Thread the Needle pose releases tension in the shoulders and neck, opens up the scapular muscles and rotates the vertebrae in the upper back. These are key areas to target in people with Parkinson’s. They are also common areas of rigidity in others with restricted movement.
And when the neck and shoulders are tense, it can be difficult to relax elsewhere and can even trigger tension further down the spine.
The traditional expression of the pose, however, may not be a good match for someone with a movement disorder. Getting down to the mat to start in table position, for example, can be a challenge for some. In addition, balance becomes precarious after releasing one hand from the mat.
Modified, this pose offers the benefits of the full pose but from a more stable base position.
This first variation to Thread the Needle pose begins in a Tadasana, Mountain pose. Place your mat perpendicular to a wall or place a chair on one end of the mat with the seat facing away from you. (Make sure that all four legs of the chair are on the mat. This prevents the chair from slipping.) Step close to the wall or chair back.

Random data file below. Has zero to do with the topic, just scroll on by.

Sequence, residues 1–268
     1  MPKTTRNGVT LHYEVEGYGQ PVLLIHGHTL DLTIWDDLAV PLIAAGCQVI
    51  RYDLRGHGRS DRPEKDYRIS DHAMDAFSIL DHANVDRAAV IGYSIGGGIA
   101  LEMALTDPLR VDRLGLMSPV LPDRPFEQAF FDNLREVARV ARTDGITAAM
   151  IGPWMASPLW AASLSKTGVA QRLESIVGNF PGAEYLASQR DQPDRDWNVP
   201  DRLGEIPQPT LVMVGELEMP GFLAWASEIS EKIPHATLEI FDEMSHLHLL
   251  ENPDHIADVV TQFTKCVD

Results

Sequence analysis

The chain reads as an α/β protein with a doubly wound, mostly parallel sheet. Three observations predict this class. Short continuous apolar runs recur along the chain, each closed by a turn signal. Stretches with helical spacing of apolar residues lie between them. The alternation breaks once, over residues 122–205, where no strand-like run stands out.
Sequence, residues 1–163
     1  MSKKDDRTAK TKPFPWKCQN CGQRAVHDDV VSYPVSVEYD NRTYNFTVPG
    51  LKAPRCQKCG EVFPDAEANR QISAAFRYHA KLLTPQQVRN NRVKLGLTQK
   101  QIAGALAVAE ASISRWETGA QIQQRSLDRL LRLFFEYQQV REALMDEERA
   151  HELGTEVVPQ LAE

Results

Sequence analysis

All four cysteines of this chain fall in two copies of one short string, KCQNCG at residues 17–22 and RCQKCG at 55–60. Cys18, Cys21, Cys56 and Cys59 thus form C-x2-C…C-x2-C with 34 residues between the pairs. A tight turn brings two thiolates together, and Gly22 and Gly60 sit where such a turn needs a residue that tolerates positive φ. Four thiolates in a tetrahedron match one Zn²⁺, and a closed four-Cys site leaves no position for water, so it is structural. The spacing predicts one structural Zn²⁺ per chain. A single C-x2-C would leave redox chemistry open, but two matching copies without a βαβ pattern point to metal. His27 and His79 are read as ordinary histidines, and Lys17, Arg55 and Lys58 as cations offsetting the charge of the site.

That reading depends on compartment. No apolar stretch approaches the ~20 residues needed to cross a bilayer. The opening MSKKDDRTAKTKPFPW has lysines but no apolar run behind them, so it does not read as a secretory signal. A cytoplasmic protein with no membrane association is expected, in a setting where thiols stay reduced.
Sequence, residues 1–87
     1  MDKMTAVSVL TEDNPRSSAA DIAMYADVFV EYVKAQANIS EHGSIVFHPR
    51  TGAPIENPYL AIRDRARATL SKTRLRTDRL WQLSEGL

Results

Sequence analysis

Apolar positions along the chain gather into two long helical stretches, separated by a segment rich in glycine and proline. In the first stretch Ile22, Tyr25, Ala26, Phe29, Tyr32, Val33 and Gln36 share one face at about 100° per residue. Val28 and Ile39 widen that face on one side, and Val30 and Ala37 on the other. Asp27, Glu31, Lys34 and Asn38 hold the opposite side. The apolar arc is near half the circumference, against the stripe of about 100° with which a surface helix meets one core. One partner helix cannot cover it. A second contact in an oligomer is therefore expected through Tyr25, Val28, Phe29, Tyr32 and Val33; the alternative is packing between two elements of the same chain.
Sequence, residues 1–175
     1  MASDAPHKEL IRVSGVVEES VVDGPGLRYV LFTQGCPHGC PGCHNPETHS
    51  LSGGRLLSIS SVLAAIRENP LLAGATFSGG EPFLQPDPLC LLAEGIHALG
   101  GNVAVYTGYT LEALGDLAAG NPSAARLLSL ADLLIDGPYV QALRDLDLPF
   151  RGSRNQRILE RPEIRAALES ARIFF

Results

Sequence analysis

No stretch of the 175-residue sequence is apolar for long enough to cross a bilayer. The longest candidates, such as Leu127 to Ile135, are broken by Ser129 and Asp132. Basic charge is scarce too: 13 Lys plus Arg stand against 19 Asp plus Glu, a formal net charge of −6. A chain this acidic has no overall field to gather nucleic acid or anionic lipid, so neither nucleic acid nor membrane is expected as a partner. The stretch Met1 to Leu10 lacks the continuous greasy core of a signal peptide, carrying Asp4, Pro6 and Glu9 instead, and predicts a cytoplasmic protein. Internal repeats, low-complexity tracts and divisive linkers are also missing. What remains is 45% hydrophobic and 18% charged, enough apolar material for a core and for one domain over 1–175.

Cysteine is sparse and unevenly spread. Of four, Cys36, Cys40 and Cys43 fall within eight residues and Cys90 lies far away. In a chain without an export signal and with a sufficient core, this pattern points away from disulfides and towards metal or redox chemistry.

This second variation is a seated version of Thread the Needle pose. Place your mat perpendicular to a wall, your chair on the mat, just under your arm’s distance away. The chair seat faces the wall.*
*This variation can also be done facing another chair rather than a wall. The other chair back faces you and you can place your hands on the chair back.
An additional benefit of this pose, particularly to stroke recovery individuals, is the extension of each arm diagonally across the body. This crossing of the mid-line of the body can be therapeutic to
retraining the sense of where are limbs are space around them.
These variations also do not drop the head below the heart, which allows people with autonomic nervous system issues, glaucoma, or high blood pressure the opportunity to benefit from Thread the Needle pose.
Enjoy the release it brings outside and the peace it brings inside.